So why did Apple go back to its archives to resurrect a nearly 4-year old design and update it with modern internals? Well, Apple had to quell the Apple faithful that balked at the larger 4.7- and 5.5-inch iPhone 6/iPhone 6 Plus series of smartphones and it needed a cheaper device to appeal to customers at the lower-end of the market.
While the iPhone SE definitely cribbed some iPhone 6s goodness with its A9 processor, M9 Motion Engine and 12MP camera, the smartphone is still as fragile as its 2012 origins would suggest. SquareTrade decided to pit the iPhone SE against Apple current flagships in a series of durability tests, and the results weren’t pretty.
In water immersion tests, the iPhone SE was dunked under five feet of water while powered on. The smartphone immediately lost audio and was completely dead within a minute. The iPhone 6s Plus began malfunctioning while submerged after ten minutes and then quickly perished. The champ of the water test, however, was the iPhone 6s, which managed to survive a full 30 minutes underwater. The only casualty of its extended dive: the audio stopped functioning.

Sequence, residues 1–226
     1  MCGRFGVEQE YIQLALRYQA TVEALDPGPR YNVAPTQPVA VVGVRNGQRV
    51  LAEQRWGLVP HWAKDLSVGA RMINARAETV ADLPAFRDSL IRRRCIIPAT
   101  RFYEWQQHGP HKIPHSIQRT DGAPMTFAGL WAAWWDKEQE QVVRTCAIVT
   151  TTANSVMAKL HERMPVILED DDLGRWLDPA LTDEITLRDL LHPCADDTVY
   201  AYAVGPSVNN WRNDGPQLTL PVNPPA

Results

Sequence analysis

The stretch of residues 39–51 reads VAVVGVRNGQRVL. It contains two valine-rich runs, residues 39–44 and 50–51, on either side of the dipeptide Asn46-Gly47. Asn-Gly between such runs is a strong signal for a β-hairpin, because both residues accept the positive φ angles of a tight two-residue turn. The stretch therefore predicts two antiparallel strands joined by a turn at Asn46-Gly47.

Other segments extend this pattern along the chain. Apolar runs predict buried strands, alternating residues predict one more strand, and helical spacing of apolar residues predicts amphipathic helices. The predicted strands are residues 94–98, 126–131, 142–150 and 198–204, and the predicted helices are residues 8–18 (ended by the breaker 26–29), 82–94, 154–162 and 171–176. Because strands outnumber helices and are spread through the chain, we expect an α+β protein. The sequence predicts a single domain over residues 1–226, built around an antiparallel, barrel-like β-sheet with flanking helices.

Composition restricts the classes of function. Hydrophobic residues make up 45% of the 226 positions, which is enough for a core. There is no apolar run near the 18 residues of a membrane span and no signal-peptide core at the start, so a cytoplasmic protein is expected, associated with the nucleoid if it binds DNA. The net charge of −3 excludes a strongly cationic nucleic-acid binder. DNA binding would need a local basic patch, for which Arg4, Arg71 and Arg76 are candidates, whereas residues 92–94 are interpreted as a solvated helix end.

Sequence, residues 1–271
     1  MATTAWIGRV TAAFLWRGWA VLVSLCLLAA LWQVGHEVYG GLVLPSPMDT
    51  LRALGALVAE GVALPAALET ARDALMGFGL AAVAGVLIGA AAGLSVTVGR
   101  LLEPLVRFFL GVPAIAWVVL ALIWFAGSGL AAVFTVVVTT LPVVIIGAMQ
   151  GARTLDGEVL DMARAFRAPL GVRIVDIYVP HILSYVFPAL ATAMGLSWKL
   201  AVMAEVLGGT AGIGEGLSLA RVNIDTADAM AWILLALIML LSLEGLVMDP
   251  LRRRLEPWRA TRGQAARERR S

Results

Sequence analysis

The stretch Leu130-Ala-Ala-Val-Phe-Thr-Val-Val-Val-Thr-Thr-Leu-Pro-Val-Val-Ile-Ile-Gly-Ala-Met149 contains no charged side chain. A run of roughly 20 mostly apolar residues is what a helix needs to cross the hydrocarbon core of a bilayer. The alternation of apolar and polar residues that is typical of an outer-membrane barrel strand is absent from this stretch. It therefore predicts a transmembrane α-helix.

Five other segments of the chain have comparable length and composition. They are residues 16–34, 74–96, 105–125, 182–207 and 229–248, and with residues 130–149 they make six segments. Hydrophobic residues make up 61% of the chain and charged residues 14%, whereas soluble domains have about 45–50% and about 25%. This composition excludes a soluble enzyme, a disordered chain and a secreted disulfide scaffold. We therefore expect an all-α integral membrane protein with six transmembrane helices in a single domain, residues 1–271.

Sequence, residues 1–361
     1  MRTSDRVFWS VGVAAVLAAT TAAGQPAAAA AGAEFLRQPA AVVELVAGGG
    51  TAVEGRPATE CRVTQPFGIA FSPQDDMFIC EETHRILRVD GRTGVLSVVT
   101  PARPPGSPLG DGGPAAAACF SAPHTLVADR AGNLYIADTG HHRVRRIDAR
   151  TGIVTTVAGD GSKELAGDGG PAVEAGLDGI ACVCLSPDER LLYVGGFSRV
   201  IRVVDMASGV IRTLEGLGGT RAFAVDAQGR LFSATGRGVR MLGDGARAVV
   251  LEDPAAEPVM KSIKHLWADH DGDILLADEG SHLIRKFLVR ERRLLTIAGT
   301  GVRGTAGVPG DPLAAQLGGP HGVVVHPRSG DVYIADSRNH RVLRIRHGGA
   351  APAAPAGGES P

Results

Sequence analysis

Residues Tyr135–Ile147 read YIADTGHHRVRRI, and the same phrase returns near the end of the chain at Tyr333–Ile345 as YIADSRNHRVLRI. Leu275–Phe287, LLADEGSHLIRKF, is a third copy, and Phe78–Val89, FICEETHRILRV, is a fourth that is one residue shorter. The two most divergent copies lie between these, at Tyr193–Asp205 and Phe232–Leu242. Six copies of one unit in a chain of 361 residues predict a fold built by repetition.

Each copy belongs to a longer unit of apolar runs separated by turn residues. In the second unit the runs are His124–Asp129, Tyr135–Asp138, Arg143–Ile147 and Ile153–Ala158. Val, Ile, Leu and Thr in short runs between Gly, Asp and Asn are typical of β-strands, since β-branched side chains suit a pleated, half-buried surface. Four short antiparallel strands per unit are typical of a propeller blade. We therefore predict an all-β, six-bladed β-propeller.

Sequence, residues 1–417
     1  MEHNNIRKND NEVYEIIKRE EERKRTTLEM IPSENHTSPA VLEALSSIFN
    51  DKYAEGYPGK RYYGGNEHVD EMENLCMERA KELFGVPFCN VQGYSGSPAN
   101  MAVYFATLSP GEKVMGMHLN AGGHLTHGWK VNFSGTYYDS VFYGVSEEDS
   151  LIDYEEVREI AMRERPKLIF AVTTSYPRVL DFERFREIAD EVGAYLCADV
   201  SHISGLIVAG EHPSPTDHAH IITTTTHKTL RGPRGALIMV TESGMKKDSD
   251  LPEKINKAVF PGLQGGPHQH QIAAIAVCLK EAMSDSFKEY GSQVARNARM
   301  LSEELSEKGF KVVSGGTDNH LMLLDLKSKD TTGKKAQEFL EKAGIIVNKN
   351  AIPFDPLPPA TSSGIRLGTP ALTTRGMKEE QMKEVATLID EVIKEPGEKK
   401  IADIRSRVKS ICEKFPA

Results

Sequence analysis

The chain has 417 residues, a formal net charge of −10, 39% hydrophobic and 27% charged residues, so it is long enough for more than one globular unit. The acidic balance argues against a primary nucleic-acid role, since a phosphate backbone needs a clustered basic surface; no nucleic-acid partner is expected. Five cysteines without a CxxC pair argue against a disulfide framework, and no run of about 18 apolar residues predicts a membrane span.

Up next was the tumble test, which placed each smartphone into a box that is rotated at high-speed, causing the device to bang up against the interior walls. The iPhone SE walked away with a few scrapes on its exterior, while the iPhone 6s Plus met its match, resulting in a cracked display. The iPhone 6s again came out the big winner, exiting the box completely unscathed.
The face-down drop test proved to be a tough one for all three phones. The screens of all three smartphones cracked when dropped from six feet. However, the corner drop also proved to stymie the iPhone SE, as its screen cracked on the first test. The iPhone 6s and iPhone 6s Plus, however, survived 10 corner drops with only cosmetic damage to the body and no screen damage.
The iPhone SE also came up short in bending tests compared to the flagship iPhone 6s and iPhone 6s Plus.
Overall, SquareTrade gave the iPhone SE a Breakability Score of 5.5 (lower is better), representing a Medium Risk. The iPhone 6s scored better with Breakability Score of 4, also a Medium Risk. The iPhone 6s Plus actually faired the worst with a Breakability Score of 6.5, with its poor showing being chalked up to its massive size.
“In the end the iPhone SE may give you the smarts of a 6s in a 4-inch body, but you sure don’t get its durability,” SquareTrade explains. “The SE has some growing up to do.”